A Department for Transport decision to disqualify three bidders from procurement competitions for the South Eastern, East Midlands and West Coast Partnership passenger rail franchises was lawful, a High Court judge has ruled.
The case of Stagecoach East Midlands Trains Ltd & Ors v The Secretary of State for Transport  EWHC 1568 related to franchising competitions run in 2019..
On 9 April 2019 it was announced that the then Secretary of State for Transport, Chris Grayling, had disqualified bidders involving Stagecoach, Virgin and Arriva from each of the competitions in which they were taking part.
By separate decisions, the East Midlands franchise was awarded to Abellio East Midlands Ltd and commenced on 18 August 2019, and the West Coast Partnership franchise was later awarded to First Trenitalia West Coast Rail Ltd and commenced on 8 December 2019. The South Eastern competition was cancelled on 7 August 2019.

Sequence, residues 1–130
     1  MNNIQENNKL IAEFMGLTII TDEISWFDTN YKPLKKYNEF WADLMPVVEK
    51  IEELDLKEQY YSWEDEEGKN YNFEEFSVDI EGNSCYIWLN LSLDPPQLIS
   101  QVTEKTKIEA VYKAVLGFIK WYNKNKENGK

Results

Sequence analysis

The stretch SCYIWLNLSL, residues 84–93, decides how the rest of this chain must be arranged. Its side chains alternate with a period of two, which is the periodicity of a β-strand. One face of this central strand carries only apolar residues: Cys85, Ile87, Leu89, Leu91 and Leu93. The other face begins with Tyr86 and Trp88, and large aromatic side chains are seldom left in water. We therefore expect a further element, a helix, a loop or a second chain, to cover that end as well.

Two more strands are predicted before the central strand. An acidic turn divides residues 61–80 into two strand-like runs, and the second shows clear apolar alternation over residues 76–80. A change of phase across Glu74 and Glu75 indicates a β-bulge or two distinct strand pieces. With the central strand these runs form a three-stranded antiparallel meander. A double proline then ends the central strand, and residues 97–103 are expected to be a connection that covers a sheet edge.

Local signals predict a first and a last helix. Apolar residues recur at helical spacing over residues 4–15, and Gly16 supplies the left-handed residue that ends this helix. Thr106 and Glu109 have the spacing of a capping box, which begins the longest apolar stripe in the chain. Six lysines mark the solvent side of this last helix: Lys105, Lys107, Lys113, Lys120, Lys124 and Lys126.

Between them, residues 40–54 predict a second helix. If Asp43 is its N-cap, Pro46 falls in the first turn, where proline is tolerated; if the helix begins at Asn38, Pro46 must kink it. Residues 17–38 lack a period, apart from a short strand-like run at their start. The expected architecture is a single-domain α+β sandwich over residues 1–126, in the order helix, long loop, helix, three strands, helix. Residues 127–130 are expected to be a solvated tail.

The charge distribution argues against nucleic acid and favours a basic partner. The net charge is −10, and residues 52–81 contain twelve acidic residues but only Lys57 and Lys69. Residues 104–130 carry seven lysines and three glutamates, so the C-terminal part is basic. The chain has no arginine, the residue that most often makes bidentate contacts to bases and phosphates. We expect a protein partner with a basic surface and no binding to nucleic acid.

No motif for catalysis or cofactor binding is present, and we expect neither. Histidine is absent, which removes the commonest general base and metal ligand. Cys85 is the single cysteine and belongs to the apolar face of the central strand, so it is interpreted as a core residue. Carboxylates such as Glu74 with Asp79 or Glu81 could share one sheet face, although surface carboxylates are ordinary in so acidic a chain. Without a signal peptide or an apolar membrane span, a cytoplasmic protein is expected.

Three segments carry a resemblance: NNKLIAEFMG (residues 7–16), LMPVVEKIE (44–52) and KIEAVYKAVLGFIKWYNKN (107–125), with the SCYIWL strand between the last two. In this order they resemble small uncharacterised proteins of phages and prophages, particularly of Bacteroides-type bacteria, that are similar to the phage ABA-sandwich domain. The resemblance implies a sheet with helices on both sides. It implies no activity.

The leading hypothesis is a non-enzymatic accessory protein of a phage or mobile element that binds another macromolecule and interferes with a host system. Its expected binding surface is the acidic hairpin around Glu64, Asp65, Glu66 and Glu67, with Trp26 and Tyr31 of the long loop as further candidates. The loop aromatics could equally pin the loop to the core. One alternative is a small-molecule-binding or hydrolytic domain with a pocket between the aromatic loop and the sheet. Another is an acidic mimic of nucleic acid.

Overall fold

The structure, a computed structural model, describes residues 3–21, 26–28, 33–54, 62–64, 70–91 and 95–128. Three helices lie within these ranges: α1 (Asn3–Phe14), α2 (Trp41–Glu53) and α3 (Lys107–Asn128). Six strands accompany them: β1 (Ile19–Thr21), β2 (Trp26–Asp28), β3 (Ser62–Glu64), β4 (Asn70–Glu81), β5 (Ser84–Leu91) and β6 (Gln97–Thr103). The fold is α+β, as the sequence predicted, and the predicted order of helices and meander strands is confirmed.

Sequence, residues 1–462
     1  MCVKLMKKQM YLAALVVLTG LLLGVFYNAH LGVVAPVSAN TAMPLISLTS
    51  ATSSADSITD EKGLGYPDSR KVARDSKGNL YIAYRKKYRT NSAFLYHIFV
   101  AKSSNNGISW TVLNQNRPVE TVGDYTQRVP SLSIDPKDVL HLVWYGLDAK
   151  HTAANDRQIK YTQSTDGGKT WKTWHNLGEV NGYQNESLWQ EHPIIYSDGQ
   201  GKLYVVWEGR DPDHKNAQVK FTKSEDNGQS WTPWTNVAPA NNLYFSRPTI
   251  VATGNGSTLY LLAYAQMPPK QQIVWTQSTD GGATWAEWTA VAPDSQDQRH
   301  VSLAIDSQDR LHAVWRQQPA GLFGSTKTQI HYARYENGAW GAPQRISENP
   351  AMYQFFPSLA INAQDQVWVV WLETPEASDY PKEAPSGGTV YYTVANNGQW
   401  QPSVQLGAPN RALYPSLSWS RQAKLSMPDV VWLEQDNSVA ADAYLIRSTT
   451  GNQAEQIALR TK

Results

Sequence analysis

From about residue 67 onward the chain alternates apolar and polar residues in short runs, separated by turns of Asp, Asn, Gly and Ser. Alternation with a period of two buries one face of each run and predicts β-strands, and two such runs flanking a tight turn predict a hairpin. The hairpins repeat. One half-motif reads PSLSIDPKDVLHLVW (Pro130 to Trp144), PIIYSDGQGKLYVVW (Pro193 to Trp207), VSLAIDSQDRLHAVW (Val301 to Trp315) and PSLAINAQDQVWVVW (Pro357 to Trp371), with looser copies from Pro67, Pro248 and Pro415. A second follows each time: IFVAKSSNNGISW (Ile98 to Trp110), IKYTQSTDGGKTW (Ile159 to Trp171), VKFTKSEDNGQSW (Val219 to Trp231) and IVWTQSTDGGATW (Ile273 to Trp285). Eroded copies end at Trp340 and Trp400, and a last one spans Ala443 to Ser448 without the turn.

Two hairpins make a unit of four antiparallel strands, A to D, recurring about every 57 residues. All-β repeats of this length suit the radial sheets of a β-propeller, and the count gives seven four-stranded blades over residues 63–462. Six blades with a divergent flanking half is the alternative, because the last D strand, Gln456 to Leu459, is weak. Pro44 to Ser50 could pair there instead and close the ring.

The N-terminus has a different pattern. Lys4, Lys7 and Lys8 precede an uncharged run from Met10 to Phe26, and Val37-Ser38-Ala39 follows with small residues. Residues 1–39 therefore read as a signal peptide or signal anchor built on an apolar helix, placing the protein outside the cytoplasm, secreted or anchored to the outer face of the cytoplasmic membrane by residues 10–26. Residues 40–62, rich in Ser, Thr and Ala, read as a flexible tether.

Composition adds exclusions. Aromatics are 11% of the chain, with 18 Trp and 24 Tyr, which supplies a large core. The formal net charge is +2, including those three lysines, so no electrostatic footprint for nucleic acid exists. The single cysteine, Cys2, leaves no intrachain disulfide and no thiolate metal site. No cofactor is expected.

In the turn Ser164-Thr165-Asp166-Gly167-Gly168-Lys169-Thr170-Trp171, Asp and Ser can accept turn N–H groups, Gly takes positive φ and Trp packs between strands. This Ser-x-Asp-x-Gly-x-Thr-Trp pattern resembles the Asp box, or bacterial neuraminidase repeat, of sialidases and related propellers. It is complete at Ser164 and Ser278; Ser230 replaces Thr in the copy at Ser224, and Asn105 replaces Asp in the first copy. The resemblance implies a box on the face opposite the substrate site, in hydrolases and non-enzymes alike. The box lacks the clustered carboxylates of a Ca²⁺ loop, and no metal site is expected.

The DfT’s reason for the disqualifications was that the disqualified bidders had refused to accept the allocation of risk of pensions liabilities that had been proposed by the Government and had proposed other terms that were more favourable to the bidders because they allocated a greater risk to the Government.
Bidders had been told that they were obliged to accept the Government’s allocation of risk in order for their bids to be compliant and that non-compliance could lead to disqualification.
Arriva, Stagecoach and Virgin brought proceedings challenging the disqualifications, contending that the Secretary of State’s decision was unlawful for a number of reasons relating to pensions risks and the conduct of the procurement.
Arriva settled just before trial on terms that are confidential to the parties.
An expedited trial was held in January and February 2020.
In a 600-page ruling, Mr Justice Stuart-Smith has now found that the judgment finds that the decision to disqualify the bidders for non-compliance on the issue of pensions was lawful.